Case Study on Grameenphone

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  • Topic: Muhammad Yunus, Grameen Bank, Microcredit
  • Pages : 10 (2699 words )
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  • Published : February 4, 2013
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A case-study on GrameenPhone
Ramkhamhaeng University
Institute of International Studies
Master of Business Administration
Subject: Management of Change and Development

Submitted By:
Pronoy Chakma(Noy)
Institute of International Studies
MBA (2012-2013)

Submitted to:
Prof. Dr. Maurice Yolles

A case-study on GrameenPhone By: Pronoy Chakma (Noy)

Abstract
Bangladeshi-native Muhammad Yunus developed the concepts of micro-financing and micro-credit when he was Professor of Economics at Chittagong University. After visiting some poor neighborhoods and villages near Chittagong, he realized that very small loans to the poor people could make a very big difference to their work and to their lives. In 1976 he set up his own research project to lend small amounts of his own money to the poor people, particularly the women. The project was successful, and in the same year he secured small loans from the government bank to proceed with the project, which continued to succeed and grow. In 1983 the project had expanded into a large business, and was renamed Grameen Bank. From 1983 to 1989 Grameen continued to grow and expand, until Dr. Yunus realized the need to diversify; several subsidiary enterprises, including GrameenPhone, were created within the Grameen organization. All of these enterprises were structured on the same social business model and operated on the same principle of micro-financing. The majority of these enterprises focused on women, because Dr. Yunus believes that women suffer more disproportionately from poverty than men, and women are more likely to use their earnings to help their families and communities. The Grameen model of micro-financing has proved successful in many countries, particularly developing nations. Dr. Yunus has won many awards and honors for his work, including the 2006 Nobel Peace Prize, which he was awarded jointly with Grameen Bank. In 2006-2007, Dr. Yunus considered entering politics on a platform to help the poor, as well as to campaign for honest and clean government. This caused problems for him and created rivalry and hostility from other politicians who had previously supported his efforts. Accusations began against him for mismanagement of Grameen's finances. Despite all the previous good work through Grameen, Dr. Yunus now has many opponents, mostly political, in Bangladesh, but at the same time the support of many international leaders from around the world. In 2011, Dr. Yunus was dismissed as Managing Director of Grameen Bank by the government, as it investigated allegations of "misused and misappropriated" funds of the bank. This affair is still ongoing and unresolved. Introduction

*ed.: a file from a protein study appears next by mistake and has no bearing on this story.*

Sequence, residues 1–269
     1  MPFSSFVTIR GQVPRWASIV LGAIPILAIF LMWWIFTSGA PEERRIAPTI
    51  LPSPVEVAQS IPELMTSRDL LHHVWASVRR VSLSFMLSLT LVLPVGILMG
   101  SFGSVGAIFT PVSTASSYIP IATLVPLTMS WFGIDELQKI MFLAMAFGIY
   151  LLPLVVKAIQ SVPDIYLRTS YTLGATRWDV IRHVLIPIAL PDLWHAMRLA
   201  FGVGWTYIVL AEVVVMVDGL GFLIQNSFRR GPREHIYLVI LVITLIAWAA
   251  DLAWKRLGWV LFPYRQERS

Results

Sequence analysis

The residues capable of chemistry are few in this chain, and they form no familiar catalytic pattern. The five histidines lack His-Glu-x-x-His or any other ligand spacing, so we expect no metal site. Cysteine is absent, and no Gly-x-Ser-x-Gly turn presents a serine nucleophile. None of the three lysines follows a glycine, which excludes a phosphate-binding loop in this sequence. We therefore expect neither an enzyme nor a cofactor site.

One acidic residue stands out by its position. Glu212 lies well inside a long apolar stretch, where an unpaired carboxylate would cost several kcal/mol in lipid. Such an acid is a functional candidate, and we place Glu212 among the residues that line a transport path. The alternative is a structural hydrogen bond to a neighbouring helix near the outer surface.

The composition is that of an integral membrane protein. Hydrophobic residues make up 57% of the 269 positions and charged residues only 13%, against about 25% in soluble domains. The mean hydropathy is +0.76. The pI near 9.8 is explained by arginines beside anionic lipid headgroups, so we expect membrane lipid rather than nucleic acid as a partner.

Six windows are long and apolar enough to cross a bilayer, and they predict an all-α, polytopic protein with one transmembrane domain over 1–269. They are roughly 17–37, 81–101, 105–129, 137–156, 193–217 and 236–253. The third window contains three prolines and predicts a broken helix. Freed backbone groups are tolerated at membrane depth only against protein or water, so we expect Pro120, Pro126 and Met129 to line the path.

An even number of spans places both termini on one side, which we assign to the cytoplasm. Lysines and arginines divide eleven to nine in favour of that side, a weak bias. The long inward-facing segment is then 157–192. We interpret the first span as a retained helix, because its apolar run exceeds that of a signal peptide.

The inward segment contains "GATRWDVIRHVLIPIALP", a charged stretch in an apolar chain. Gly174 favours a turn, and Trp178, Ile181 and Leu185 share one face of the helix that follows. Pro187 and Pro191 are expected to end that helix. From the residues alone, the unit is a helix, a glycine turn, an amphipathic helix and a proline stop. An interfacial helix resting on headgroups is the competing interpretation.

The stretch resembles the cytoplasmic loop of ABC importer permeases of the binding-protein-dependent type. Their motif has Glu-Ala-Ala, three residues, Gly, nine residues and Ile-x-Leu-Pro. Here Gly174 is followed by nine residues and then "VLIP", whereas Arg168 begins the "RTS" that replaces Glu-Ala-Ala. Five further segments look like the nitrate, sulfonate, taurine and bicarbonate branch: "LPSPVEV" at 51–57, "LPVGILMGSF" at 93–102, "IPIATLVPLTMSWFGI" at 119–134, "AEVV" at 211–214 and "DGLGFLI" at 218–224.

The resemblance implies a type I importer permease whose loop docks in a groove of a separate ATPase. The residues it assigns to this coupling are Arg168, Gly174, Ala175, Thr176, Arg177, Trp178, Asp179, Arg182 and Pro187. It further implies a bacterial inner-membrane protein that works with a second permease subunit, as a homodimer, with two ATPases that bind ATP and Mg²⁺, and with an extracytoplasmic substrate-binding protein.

Iqbal Quadir, a Bangladeshi-born naturalized US citizen, is the founder of Legatum Center for Development and Entrepreneurship at MIT (the Massachusetts Institute of Technology). In 1993, he began to develop an idea to provide universal mobile phone service throughout Bangladesh, and in particular for the rural poor. He had been impressed by Dr. Yunus's success with Grameen Bank and the micro-financing and social business models on which it was structured. So he traveled to Bangladesh to meet with Dr. Yunus to explore how they might together develop this idea as a working venture. Together they negotiated a partner-union with Telenor, the telephone company of Norway, and in 1996 the new company GrameenPhone Ltd. was granted its operating license and the following year launched its service. Service was expanded over the next four years, and by 2000 the network covered the entire country. The business model for GrameenPhone was based on combining the fact that most people in Bangladesh could not afford their own cell phone, and the idea that a cell phone could serve as a source of income. It also depended on the Grameen Phone Ladies. The Grameen...
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